Yesterday approximately 80 cows belonging to the Darajmeh family, which lives right below the Maskiyot settlement, were confiscated. The family said one of the sons, Seti, and his son, grazed their herd east of Maskiyot, far enough away so as not to galvanize into action the settlement’s security coordinator, but not near Highway 90. A representative of the Civil Administration, in a well-planned ambush, arrived with trucks, took the cows to quarantine at the Adam Bridge, arrested Seti and his son and took them to Ariel. No one notified the family of the arrest; no document confirming the confiscation was provided. When I came (the next day) they asked me to find out the reason for the arrest and confiscation. Only then did they learn that the cows allegedly crossed Highway 90.
Those arrested were required to post a bond of NIS 3,000 in order to be released, and who knows how much they’ll have to pay to get the cows back (transport, food, charges for holding them, etc.)! (I spoke with Jamila, from the Association for Civil Rights, and with Yudit from Yesh Din; no one wants to handle it). Towards afternoon the Palestinian Authority sent an attorney to Ariel to get the men released.
This is the same family which two years ago was accused of allowing its cows to enter a nature reserve rather than staying on the “marked trail.” The family is poor; the children run after cars, asking for food. Their cows are so emaciated and wretched that by the end of the summer the herders walk with them long distances to find some vegetation they can eat. The area, like the entire northern Jordan Valley, is also a firing range, so there’s no end to the possible pretexts than can be employed to embitter the lives of the inhabitants – the occupation, a nature reserve, a firing range…
I had no words of encouragement as I stood before them. They’re alone, facing the occupation’s steamroller that’s doing all it can to abuse them and chase them from their homes. A report of the incident appears on YNET.
10:30 Tayasir checkpoint - The soldiers hurry to chase us away, as usual, but we don’t even get close. They’re also trying to remove us from where the cars wait after crossing through the checkpoint. But we refuse to move; the soldier shrugs his shoulders and leaves us alone. There’s almost no traffic; cars coming from the West Bank cross in five minutes. Those coming from the Jordan Valley aren’t delayed at all. I asked the soldier whether restrictions have been eased for Ramadan; the question surprised him. “Why should they have been? Everything’s as usual.”
11:30 Hamra checkpoint – Three or four cars were always waiting in each direction. A truck arriving from the West Bank was refused entry to the Jordan Valley and had to return whence it came. The passenger in the truck remained at the checkpoint; he told us the driver is from Tubas, on the West Bank, which is why he wasn’t allowed into the Jordan Valley, but that the truck has other ways to cross and he’ll await it there…obviously. Because no checkpoint can block the power of people’s lives. All it can do is make things difficult, harass, embitter the weakest, those who can’t handle the manipulations necessary to get by…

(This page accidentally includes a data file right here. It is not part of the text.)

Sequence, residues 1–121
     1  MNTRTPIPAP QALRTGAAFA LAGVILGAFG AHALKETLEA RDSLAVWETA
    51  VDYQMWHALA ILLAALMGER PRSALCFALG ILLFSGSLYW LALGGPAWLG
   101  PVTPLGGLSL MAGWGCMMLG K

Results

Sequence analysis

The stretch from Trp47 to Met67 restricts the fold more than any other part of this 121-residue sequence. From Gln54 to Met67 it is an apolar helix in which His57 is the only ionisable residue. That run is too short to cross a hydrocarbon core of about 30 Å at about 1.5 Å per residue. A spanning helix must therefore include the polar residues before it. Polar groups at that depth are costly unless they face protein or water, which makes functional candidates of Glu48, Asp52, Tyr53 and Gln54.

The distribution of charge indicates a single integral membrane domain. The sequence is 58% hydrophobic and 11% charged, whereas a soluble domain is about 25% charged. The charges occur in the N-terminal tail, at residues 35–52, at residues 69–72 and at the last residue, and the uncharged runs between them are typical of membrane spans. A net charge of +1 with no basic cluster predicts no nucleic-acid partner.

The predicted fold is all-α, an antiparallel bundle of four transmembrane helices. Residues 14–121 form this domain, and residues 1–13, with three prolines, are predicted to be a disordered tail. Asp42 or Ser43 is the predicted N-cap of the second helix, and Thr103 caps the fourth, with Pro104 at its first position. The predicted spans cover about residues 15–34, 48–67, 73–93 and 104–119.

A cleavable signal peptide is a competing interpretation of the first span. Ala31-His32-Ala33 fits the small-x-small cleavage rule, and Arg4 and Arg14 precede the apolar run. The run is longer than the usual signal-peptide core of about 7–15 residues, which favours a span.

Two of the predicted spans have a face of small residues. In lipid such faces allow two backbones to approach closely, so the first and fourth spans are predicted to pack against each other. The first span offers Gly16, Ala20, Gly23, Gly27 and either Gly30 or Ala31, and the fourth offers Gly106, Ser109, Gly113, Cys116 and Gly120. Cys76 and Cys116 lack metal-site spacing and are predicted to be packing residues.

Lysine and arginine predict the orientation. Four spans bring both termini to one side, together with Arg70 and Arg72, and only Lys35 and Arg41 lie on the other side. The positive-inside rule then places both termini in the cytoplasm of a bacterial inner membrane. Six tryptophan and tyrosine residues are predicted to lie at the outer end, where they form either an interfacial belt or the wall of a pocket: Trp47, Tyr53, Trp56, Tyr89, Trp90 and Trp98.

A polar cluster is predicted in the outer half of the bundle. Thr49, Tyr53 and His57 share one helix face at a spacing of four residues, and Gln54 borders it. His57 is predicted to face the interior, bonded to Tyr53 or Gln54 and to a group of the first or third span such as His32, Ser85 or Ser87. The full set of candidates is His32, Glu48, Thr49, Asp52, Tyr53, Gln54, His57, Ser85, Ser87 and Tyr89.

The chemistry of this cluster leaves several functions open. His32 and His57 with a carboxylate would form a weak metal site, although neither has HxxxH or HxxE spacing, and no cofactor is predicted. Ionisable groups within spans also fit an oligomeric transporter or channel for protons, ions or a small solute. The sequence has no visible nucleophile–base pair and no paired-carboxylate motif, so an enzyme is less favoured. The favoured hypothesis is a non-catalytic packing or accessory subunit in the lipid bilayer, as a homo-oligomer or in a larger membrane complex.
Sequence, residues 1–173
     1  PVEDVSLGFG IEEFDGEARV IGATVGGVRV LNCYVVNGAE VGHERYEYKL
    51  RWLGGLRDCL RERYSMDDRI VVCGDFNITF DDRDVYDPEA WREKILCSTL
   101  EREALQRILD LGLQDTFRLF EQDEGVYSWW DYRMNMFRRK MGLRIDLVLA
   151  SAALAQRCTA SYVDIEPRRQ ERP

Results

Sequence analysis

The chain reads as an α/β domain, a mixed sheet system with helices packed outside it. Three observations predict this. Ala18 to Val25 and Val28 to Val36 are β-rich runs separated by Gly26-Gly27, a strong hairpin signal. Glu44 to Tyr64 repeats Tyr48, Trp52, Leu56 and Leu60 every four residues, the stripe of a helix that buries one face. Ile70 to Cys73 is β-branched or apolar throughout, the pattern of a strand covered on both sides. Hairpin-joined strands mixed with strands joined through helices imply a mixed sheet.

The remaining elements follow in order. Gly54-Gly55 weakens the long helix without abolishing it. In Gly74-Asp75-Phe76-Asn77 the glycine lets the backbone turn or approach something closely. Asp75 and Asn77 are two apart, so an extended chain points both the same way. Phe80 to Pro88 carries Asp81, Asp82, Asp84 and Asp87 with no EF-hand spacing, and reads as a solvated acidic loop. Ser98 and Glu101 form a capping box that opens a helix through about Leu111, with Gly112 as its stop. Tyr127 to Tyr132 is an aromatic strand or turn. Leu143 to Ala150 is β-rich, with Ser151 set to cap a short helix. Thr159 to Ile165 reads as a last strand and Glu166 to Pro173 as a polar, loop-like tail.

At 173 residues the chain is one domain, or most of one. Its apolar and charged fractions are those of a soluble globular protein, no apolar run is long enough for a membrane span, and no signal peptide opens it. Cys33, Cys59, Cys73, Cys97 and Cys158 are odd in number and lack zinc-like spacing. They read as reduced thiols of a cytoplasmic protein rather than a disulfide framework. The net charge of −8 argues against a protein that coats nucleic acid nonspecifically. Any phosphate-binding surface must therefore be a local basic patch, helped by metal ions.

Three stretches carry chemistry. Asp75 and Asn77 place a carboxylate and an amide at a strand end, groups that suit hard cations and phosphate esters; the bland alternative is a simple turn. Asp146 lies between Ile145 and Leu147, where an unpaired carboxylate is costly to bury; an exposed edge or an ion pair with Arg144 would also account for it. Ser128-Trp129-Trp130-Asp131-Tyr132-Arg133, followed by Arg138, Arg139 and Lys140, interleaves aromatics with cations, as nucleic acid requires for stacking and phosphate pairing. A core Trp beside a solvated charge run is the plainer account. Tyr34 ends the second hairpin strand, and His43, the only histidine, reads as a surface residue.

They’re trying to chase us away here as well. It’s very hot; passengers who had to get out of the cars and cross on foot wait in the incandescent metal shed.
12:10 Ma’aleh Efrayim – We see from afar the long lines stretching away from the checkpoint. 18 cars on the roadside waiting to cross to the West Bank, the soldiers collecting IDs from the passengers. People had already gotten out of the burning hot cars when we arrived (not all are air-conditioned); it’s 37 degrees Celsius in the shade but there isn’t any shade. They’ve been waiting more than half an hour. Most of the cars are crowded with
laborers returning from working in the settlements’ fields; they began at 5 in the morning, in the sun, and because of the Ramadan fast they didn’t eat or drink. Now they’re stuck here, at the checkpoint. People are very angry, also at us standing helplessly before them. In desperation they’re seeking help, not sympathy…
It turned out that sitting behind the concrete barriers surrounding the pillbox towering over the checkpoint are “foxes, if you know what I mean,” according to one of the soldiers. Every few minutes one of the youths is called to accompany a soldier to the Shabak officers. Before entering the soldiers’ area he must lift his shirt and is carefully inspected. During the hour we were there we saw five youths brought from the cars to the interrogation room. Interrogation? Recruitment of collaborators? It’s very simple to cancel the valuable work permit that enables someone to support their family.
After an hour had passed I was forced to leave because of my guests’ commitments.
15:00 – 16:30
15:00 Shaked checkpoint
People, vehicles and stuff cross over on both sides.
Passage is swift.
The checkpoint commander tells us of their effort to allow the locals as normal lives as possible but does worn us of various clashes – He offers ample stories of aggressive behavior of some residents.
16:05 Reihan checkpoint
Workers return home, mostly from Israel, We're under the impression that due to the Ramadan there are less people going to work in Barta'a.
Passage is swift without delays or problems.
Family dressed in Holiday attire return from Jenin.
We were approaches by this gentleman whose family own the coal business on the way to the checkpoint. According to him, he received a court order stating that the plant needs to close down by Oct.24.12. They are no longer allowed to bring in new logs of wood but are entitle to keep the wood that they poses until that date.
Despite the above, trucks came over to his plant and confiscated all wood that was there.